Eats Beat

How ‘Nacho’ Anaya gave us National Nachos Day. (But who has the best?)

Spiral Diner’s vegan nachos are made with cashew spread instead of cheese.
Spiral Diner’s vegan nachos are made with cashew spread instead of cheese. bud@star-telegram.com

Believe it or not, nachos began as a women’s happy-hour snack.

As another National Nachos Day approaches Monday, be thinking of late chef Ignacio “Nacho” Anaya of Coahuila, Mexico.

In 1943, he was confronted by

four military wives from Texas

demanding a new snack with their cocktails.

It was a diner from Hillsboro, Mamie Finan, who named the eventual tortilla-slivers-melted-cheddar-and-jalapeno-strips platter “Nacho’s Special.”

Now note what’s missing from this origin story: queso. Or pickled jalapeno slices. Or a bowl of chips piled with toppings.

That’s “ballpark nachos,” originated in Arlington’s city-owned stadium concessions in 1975.

Since then, chefs have taken brazen liberties with Anaya’s creation:

▪ When we asked Star-Telegram readers their favorite nachos, the No. 1 answer didn’t have cheese at all.

Spiral Diner’s nachos “Supremo” are made with cashew spread and quinoa along with guacamole, sour cream and jalapenos; 1314 W. Magnolia Ave., spiraldiner.com.

▪ The Fort Worth-based Fuzzy’s Taco Shop chain’s nachos scored high, too. They’re made with white cheese and a garlic-cream sauce; multiple locations, fuzzystacoshop.com.

▪ Joe T. Garcia’s serves both traditional cheese or bean-and-cheese nacho platters along with a piled-high plate of “Joe’s” fajita nachos; 2201 N. Commerce St., joets.com.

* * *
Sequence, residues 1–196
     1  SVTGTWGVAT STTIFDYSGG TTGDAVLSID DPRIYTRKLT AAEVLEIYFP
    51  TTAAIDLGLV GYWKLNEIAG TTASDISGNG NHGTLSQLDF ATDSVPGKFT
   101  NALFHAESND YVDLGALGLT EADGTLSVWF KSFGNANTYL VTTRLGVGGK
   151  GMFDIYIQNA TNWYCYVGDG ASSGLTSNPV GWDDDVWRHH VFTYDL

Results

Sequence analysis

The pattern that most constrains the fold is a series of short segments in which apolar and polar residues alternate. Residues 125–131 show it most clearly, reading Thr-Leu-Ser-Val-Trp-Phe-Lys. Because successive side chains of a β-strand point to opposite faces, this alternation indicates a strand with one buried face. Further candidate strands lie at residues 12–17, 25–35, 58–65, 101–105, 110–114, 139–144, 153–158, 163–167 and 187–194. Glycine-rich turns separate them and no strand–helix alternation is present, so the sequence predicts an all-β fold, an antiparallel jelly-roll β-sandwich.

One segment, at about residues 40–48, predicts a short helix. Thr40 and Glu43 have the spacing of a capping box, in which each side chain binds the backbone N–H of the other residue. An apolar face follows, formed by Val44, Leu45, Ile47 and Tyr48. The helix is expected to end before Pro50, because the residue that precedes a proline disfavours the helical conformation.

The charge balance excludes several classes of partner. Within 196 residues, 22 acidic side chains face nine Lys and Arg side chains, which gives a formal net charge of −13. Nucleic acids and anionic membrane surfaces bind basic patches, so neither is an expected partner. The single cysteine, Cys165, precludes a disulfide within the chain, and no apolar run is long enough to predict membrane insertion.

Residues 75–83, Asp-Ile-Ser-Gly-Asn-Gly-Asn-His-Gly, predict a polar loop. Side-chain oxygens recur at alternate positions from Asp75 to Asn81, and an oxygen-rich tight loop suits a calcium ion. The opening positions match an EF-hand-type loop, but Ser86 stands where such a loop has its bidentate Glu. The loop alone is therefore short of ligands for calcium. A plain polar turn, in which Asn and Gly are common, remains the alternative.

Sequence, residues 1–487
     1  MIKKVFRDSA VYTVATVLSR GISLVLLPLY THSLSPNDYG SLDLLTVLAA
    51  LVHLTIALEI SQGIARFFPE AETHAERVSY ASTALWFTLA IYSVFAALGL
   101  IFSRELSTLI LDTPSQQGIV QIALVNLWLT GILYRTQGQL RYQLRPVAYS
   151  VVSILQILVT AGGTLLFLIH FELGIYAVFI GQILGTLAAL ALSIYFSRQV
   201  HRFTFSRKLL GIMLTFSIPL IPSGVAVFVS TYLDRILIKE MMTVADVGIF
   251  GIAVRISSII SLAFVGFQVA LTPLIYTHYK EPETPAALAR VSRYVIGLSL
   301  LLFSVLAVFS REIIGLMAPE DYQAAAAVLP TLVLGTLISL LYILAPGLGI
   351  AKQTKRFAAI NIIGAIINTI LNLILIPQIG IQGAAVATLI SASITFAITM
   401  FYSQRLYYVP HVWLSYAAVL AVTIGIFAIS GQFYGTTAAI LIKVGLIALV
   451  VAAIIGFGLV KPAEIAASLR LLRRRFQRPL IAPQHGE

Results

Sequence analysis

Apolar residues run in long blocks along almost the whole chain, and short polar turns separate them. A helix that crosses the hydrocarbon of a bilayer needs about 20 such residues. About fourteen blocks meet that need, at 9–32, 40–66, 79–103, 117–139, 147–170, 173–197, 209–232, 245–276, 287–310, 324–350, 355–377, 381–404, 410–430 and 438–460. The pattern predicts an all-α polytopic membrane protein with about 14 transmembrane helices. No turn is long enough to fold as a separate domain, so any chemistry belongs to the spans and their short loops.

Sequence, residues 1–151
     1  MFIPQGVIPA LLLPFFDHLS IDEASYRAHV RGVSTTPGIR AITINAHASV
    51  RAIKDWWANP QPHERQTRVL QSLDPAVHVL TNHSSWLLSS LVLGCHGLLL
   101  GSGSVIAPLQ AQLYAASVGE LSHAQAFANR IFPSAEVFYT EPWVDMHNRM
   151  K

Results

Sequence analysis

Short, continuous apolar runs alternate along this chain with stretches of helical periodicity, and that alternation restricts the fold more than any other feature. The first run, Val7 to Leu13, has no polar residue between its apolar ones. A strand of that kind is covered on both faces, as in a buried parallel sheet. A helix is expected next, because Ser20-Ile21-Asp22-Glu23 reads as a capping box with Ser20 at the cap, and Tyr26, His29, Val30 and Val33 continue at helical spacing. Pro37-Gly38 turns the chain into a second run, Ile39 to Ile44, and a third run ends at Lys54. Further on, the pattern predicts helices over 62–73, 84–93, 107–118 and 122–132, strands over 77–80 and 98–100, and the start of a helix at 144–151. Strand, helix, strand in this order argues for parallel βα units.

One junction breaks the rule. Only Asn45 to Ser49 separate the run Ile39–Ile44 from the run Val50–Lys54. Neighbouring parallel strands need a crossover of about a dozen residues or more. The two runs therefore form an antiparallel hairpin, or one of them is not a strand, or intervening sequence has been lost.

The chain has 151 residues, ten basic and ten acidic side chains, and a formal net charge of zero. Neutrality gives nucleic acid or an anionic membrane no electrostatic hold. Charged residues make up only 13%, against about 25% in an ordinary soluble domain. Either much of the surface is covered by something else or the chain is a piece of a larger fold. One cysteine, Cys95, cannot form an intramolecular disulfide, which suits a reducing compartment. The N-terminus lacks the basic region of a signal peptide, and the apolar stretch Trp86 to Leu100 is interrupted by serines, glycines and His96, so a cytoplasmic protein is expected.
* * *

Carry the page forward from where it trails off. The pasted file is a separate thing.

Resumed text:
▪ Chimy’s nachos come on giant platters with pepper jack cheese and toppings such as green chile chicken; 1053 Foch St., chimys.com.

Many readers like the nachos at Yucatan Taco Stand, 909 W. Magnolia Ave., yucatantacostand.com.

▪ For traditional nachos, Fort Worth has some of the nation’s most historic traditional Tex-Mex restaurants. Try the featherlight chips at El Rancho Grande Restaurante, 1400 N. Main St.; historic The Original, established in 1930 at 4713 Camp Bowie Blvd., originalmexcafe.com; or the newer but very traditional Enchiladas Ole, 901 N. Sylvania Ave., enchiladasole.com.

A new Rooster Bakery, and lots of new pie shops

Amid all the new bakeries open or coming in Fort Worth — 85Cº Bakery Cafe, Bread Winners Cafe, Hurley House, SusieCakes, Three Danes Baking Co., Unrefined Bakery — there’s also news from a familiar bakery.

Black Rooster Cafe & Bakery will open in mid-November in the Village at Camp Bowie. That’s next door to owner Immy Khan’s first restaurant, the Lunch Box cafe.

The two restaurants will share a kitchen but sell different baked goods and sandwiches; 6333 Camp Bowie Blvd., 817-738-2181, roosterbakery.com and eatthelunchbox.com. (Other Black Rooster locations continue on Forest Park Boulevard and at 910 Houston St. downtown.)

A new prime steakhouse for Arlington

If you missed the news earlier this week, the new Mercury Chophouse steakhouse location in Arlington is open for lunch and dinner weekdays and Saturday, brunch Sunday: 2221 E. Lamar Blvd., ninth floor, 817-381-1157, mercurychophouse.com.

It’s Arlington’s first prime steakhouse. Owner Zack Moutaouakil also has a location in The Tower in downtown Fort Worth.

The Fort Worth location will be open Thanksgiving Day, Moutaouakil said. For more restaurants open Thanksgiving, see the Wednesday report or DFW.com.

Biscuits for Wesleyan

Fixture Kitchen chef Ben Merritt will open a new “biscuits and burgers” restaurant in Texas Wesleyan University’s Rosedale Renaissance development in a former grocery and furniture store at 3016 E. Rosedale St.

Ben’s Triple B will serve breakfast through dinner. His Fixture burger consistently rates as one of Fort Worth’s best; 401 W. Magnolia Ave., 817-708-2663, fixturefw.com.

Bud Kennedy: 817-390-7538, @EatsBeat.

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